Gatta Warns that Tax Cap Endangers Local Municipalities
- Category: Shout it Out
- Published on 02 March 2015
- Written by Joanne Wallenstein
This is the last year that longtime Scarsdale Village Manager Al Gatta will present the Village Budget to the Board of Trustees. Gatta, who will retire in June held a public briefing session on the proposed 2015-16 budget and echoed many of the concerns he has had in past years about the uncertain future of village government. He fears that the state imposed tax cap and pressures to consolidate services with other municipalities will force smaller villages to cut services to residents. Though Gatta will leave Village Hall, it's clear that these issues will continue to weigh on him in the future.
Gatta cited several forces that make it increasingly difficult to continue government as the way we know it in Scarsdale:
- The state is incentivizing smaller governments and school districts to share services and in some cases merge.
- State grants, that in the past we given to Scarsdale only go to larger communities
- The tax cap has been decreased to below 2% though unfunded mandates exceed that percentage.
- Unfunded mandates are being ignored by Albany
- The state is imposing greater mandates on infrastructure improvements for storm drainage and sanitary sewers – while offering the village no way to pay for these mandated costs.
Gatta believes that Governor Cuomo's goal in imposing the cap goes beyond saving taxpayers money. He contends that the governors has an ulterior motive: and that is to reduce disparities and inequalities among state residents by forcing consolidations of local governments and schools.
The proposed 2015-16 Village budget stays within the tax cap and maintains the current level of services. This year, the cap for Scarsdale is 1.68% plus a growth factor of 1%, due to the increased value of village real estate. Overall, there is a 2.68% cap on the property tax levy.
Gatta reviewed some highlights of the proposed $54.4 million dollar budget, which is an increase of $1.766 million from the 2014-15 adopted budget and a mere $1.4 million from the estimated actual budget for 2014-15.
Department expenses will grow by $824,731
The largest increases are for health benefits – 7%, general liability insurance – 40%, and workers compensation insurance – 38%.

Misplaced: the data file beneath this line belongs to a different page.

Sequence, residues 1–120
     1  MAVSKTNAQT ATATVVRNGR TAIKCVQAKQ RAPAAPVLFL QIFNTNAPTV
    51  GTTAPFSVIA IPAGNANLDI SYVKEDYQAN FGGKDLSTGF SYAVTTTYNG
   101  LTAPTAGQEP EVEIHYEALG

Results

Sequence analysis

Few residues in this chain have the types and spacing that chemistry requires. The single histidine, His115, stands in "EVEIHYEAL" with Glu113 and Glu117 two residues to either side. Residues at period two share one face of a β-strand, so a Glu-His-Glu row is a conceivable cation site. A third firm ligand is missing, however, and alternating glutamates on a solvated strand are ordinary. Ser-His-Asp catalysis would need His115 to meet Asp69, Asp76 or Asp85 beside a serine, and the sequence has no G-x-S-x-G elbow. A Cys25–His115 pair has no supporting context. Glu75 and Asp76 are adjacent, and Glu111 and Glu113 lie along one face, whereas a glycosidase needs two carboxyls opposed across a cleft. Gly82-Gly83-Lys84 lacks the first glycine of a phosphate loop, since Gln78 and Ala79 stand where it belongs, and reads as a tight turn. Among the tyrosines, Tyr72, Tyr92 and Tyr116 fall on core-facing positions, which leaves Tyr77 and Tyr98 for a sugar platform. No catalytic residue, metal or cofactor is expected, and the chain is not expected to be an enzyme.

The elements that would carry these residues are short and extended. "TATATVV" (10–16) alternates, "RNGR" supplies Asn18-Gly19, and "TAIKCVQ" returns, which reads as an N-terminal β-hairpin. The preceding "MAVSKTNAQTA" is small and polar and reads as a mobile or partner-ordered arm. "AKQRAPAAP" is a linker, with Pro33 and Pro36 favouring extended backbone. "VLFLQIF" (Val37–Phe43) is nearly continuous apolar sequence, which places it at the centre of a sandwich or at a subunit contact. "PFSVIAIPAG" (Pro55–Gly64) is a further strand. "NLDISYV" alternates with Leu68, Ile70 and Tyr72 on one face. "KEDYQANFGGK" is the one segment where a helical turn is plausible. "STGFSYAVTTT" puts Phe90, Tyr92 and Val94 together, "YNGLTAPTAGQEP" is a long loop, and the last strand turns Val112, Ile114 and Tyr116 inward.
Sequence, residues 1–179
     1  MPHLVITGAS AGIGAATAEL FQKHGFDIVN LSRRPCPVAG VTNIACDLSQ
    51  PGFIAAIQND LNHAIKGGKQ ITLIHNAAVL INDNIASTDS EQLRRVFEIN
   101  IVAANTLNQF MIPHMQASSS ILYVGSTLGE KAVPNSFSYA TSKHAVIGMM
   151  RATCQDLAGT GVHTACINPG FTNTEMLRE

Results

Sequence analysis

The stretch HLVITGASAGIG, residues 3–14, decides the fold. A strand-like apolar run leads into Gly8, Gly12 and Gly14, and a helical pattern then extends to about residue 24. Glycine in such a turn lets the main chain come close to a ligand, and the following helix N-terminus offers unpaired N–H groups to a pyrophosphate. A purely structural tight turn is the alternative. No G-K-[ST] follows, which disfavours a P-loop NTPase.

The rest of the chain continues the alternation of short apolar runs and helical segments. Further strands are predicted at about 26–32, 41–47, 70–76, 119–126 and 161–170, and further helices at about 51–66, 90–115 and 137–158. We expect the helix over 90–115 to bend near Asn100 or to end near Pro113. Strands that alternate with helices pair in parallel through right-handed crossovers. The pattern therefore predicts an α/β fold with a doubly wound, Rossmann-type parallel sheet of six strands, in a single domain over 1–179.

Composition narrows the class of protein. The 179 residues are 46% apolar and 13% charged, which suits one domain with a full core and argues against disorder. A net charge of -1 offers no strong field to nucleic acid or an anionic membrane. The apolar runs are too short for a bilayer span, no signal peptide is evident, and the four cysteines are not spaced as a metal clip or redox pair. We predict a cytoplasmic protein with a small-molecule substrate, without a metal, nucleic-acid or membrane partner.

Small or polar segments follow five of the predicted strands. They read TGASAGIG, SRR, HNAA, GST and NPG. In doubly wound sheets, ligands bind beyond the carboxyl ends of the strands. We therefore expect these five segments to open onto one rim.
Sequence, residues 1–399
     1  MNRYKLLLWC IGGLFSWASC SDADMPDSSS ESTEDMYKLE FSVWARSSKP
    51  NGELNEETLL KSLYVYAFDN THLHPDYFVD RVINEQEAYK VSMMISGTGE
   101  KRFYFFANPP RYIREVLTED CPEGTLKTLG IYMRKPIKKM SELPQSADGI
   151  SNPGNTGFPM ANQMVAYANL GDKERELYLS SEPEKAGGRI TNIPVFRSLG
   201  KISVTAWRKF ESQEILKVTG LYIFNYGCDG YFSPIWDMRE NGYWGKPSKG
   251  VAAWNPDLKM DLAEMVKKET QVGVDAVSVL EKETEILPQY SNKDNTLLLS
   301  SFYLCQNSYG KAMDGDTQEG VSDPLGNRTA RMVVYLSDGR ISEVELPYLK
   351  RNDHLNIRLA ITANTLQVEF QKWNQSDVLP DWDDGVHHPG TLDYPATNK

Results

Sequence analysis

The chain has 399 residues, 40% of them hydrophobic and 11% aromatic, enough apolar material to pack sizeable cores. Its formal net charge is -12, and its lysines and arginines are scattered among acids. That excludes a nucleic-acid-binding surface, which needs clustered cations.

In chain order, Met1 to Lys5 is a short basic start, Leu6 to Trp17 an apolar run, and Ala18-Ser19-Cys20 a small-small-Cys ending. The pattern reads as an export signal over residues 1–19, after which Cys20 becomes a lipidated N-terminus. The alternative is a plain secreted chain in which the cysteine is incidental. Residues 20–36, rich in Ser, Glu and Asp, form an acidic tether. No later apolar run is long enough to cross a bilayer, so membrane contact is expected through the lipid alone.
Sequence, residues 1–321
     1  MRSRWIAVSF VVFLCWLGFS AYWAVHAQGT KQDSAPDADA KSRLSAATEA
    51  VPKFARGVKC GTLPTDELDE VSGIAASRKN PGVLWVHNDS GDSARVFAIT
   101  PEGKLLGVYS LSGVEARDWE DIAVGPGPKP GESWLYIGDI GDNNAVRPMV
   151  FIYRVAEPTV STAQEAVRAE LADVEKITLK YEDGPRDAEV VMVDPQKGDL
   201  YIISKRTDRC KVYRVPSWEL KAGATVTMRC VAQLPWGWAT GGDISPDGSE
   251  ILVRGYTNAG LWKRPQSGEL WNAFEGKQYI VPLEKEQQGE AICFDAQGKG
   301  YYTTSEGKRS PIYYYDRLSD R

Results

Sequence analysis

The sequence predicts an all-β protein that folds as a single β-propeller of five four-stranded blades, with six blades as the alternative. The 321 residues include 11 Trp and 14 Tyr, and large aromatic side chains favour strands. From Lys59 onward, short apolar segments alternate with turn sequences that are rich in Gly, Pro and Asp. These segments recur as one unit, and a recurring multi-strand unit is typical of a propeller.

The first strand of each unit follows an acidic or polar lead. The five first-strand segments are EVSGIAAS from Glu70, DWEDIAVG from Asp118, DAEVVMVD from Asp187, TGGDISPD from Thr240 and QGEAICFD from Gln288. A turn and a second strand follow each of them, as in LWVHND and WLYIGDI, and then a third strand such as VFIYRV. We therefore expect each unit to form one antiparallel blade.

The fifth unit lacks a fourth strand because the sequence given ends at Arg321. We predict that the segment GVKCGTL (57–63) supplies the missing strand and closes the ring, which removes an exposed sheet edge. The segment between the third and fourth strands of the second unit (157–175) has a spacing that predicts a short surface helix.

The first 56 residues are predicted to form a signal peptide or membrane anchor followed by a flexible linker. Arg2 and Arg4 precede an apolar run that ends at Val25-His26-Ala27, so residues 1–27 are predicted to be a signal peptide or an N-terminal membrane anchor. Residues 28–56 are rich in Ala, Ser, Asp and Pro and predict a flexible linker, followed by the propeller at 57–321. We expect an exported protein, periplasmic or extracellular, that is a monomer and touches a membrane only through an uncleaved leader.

Pension contributions are not going up this year ending a five-year increase of 107%.
For the average home in Scarsdale, valued at $1,398,818, the proposed budget would mean an annual increase of $144.
Gatta then shared some facts about Scarsdale's water rates, which have risen dramatically. Scarsdale purchases water from New York City and from 1991 to 2015 the rates have gone up from $103.72 per million gallons to a projected $1705 per million gallons, a 1700% increase in 24 years. For 2015-16 the rate for homeowners sill be $2.05 per unit (749 gallons) for the first 50 units of water and $7.17 per unit for excess water about 749 gallons.
Gatta ended his presentation with the following thoughts:
'The 2015-16 proposed budget stays with the tax cap. This is the third year that the cap has been in effect and for the first two years the village only slightly exceeded the cap. Since the imposition of the cap, the smaller communities are showing the impact from service reductions and deteriorating infrastructure. The question that should be raised by all state residents is whether the incentives from Albany for mergers and consolidations by limiting the use of the property tax is an end in itself, or whether there is a grander goal in mind: one that moves the state in the direction of redistributing and equalizing the level of services in municipalities and school systems for all state residents."
Feeling Powerless: Melting Away the Winter Weather Blues
- Category: Shout it Out
- Published on 23 February 2015
- Written by Dr. Adam S. Weissman
The winter blues affect us all. Short, chilly days, early sunsets, and dark, blistery cold nights offer limited opportunities for warmth, sunlight, routine outdoor activity, and Vitamin D. What's more, that unnerving and unpredictable Winter Storm watch has us glued to our favorite news channel, ready to derail us at any moment from our work, travel, exercise, and social routines, against our will, leaving us feeling helpless and not in control of our own lives.
Uncertainty is the root of anxiety; it's human nature. We naturally feel anxious and unbalanced in the face of uncertainty, whether it's applying to college, financial instability, caring for a sick family member, relationship woes, or having our weekly plans - and in many cases, our livelihood - cast aside by Winter Storm Juno and the icy travel conditions and snows to follow. The key to mental equilibrium is acceptance of the things we cannot control and the ability to slow down our thoughts and emotions by problem-solving and weighing the evidence for and against our worried thoughts.